Kids’ Zone begins new chapter at Park Forest library
BY JOANNE VON ALROTH Correspondent September 27, 2012 4:18PM
The Park Forest Library on Saturday will celebrate the grand opening of its new Kids Zone. | Supplied photo
Updated: September 27, 2012 10:55PM
Thinking about going to the library has Eddie Green more than a little excited.
Not just any library, however. For the last several months, the 13-year-old has kept an eager eye on the Park Forest Public Library’s youth section renovation, even calling the library to ask when it would be ready.
The answer: Come Saturday, the library’s new Kids’ Zone officially will open.
“I’m a lot excited,” said Green, a student at Forest Trail Junior High School. “I can’t wait to go and try the games and stuff.”
While most libraries have dedicated children’s sections, Kids’ Zone is anything but ordinary. It will cover nearly half of the library, and has bells and whistles that might make adults envious.
Designed to serve children from infants to teens, the 15,000-square-foot zone includes a padded play area for babies and toddlers, a Lego construction area, a miniature train station, games, puzzles, a crafts area, a puppet theater, a stage stocked with costumes, an expanded computer area and a laptop bar with three stations.
Decorated in bold tangerine, pistachio and turquoise colors, and with a changeable mural, the redesigned section will display books with their covers facing outward to entice young patrons to sit down and read.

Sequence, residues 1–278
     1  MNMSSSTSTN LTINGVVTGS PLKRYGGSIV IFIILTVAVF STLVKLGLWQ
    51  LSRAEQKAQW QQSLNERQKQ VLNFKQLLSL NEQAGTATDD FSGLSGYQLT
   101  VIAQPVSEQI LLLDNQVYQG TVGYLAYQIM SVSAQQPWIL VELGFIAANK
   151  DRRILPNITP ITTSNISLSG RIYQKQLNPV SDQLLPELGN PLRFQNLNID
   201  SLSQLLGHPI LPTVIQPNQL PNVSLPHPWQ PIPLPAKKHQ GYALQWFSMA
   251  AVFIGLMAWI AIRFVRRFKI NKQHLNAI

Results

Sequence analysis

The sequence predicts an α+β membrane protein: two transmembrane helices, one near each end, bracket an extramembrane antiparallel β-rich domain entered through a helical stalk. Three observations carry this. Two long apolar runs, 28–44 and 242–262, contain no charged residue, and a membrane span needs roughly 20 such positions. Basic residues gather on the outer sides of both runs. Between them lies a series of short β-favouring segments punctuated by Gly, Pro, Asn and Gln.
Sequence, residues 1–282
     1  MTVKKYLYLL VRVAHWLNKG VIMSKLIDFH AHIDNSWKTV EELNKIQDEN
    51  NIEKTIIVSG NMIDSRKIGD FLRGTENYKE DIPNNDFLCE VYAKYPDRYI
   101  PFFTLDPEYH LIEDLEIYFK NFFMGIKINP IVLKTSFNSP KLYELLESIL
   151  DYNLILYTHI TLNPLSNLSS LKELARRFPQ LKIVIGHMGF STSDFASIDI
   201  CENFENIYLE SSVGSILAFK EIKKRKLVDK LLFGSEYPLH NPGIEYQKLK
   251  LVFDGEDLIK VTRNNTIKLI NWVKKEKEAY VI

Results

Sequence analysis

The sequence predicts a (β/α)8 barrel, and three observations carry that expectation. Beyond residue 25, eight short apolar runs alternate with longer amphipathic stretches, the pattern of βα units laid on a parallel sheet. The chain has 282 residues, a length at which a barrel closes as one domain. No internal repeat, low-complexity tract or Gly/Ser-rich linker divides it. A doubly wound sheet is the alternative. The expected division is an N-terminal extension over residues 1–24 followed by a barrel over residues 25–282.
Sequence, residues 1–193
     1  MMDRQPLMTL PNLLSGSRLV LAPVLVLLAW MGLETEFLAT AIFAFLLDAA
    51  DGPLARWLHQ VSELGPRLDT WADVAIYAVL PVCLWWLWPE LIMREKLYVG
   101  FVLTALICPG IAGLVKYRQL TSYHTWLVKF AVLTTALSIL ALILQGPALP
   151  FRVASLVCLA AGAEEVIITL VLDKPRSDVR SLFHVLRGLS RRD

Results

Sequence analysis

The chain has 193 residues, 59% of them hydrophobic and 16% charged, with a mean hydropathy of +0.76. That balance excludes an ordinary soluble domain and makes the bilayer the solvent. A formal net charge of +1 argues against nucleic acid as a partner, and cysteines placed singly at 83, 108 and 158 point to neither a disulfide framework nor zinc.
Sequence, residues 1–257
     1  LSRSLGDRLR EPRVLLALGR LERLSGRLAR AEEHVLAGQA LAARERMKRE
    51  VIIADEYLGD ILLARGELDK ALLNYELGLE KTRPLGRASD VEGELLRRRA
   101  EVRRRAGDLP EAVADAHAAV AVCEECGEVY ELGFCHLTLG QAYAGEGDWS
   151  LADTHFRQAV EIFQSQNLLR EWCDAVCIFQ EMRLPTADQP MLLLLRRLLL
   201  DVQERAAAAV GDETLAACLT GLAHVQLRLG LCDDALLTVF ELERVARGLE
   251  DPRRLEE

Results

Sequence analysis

Green isn’t the only one keyed up about Kids’ Zone.
“People are really eager. We’ve been getting five to 10 phone calls and inquiries about it weekly,” said Miranda Bell, a project coordinator. Staff members also are thrilled, interim library coordinator Mark Krahn said, and the library expects a boost in the circulation of its materials.
“Other libraries have components of Kids’ Zone, but this is broader scale — it’s like a children’s museum with books,” library director Barbara Byrne Osuch said. “It’s important for libraries to be vibrant and not static, and with Kids’ Zone, we’re doing that. It’s right there as you walk in, inviting kids to come in, stay and get creative.”
The re-do was sparked by an interactivity panel Osuch saw last fall at the annual Illinois Library Association conference. Inspired, she took the staff on a field trip to see the Waukegan Public Library’s new interactive youth section and then persuaded the Park Forest Library Board to green-light the project and hire Library Furniture International, of Northbrook, to helm the design. The renovation began last winter.
The timing was right, too. The $130,000 installation comes on the heels of a $1.7 million overhaul of the entire 50-year-old library in 2011. The library renovation was completed under budget, and Kids’ Zone was built using surplus funds, Osuch said.
Grown-ups shouldn’t feel short-shrifted, she said. The library next will focus on upgrading and rebranding the adult section.
Meanwhile, children in Park Forest and Olympia Fields will be getting a leg up in Kids’ Zone, said Charlotte Green, Eddie’s mother.
“It will really give local kids an advantage; there will be so much more for them to do,” she said.
The grand-opening celebration begins at noon Saturday and will feature music, crafts, prizes, a puppet show and appearances by children’s literary characters Frog and Toad.
For more information, call (708) 748-3731 or visit www.pfpl.org.